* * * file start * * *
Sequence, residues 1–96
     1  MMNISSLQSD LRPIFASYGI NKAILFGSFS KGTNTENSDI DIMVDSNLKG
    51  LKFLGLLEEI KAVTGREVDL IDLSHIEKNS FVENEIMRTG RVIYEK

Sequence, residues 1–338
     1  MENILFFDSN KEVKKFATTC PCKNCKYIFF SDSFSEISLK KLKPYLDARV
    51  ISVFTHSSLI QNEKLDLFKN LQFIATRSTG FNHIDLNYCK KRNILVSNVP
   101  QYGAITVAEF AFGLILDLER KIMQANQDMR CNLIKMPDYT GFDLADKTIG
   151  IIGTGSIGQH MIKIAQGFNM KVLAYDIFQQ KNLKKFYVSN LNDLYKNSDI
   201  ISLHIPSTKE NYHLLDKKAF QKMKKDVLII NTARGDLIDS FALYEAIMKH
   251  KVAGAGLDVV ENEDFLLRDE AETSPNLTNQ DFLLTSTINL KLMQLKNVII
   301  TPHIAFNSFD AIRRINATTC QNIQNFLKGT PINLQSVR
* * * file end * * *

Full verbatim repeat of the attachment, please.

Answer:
Sequence, residues 1–96
     1  MMNISSLQSD LRPIFASYGI NKAILFGSFS KGTNTENSDI DIMVDSNLKG
    51  LKFLGLLEEI KAVTGREVDL IDLSHIEKNS FVENEIMRTG RVIYEK

Sequence, residues 1–338
     1  MENILFFDSN KEVKKFATTC PCKNCKYIFF SDSFSEISLK KLKPYLDARV
    51  ISVFTHSSLI QNEKLDLFKN LQFIATRSTG FNHIDLNYCK KRNILVSNVP
   101  QYGAITVAEF AFGLILDLER KIMQANQDMR CNLIKMPDYT GFDLADKTIG
   151  IIGTGSIGQH MIKIAQGFNM KVLAYDIFQQ KNLKKFYVSN LNDLYKNSDI
   201  ISLHIPSTKE NYHLLDKKAF QKMKKDVLII NTARGDLIDS FALYEAIMKH
   251  KVAGAGLDVV ENEDFLLRDE AETSPNLTNQ DFLLTSTINL KLMQLKNVII
   301  TPHIAFNSFD AIRRINATTC QNIQNFLKGT PINLQSVR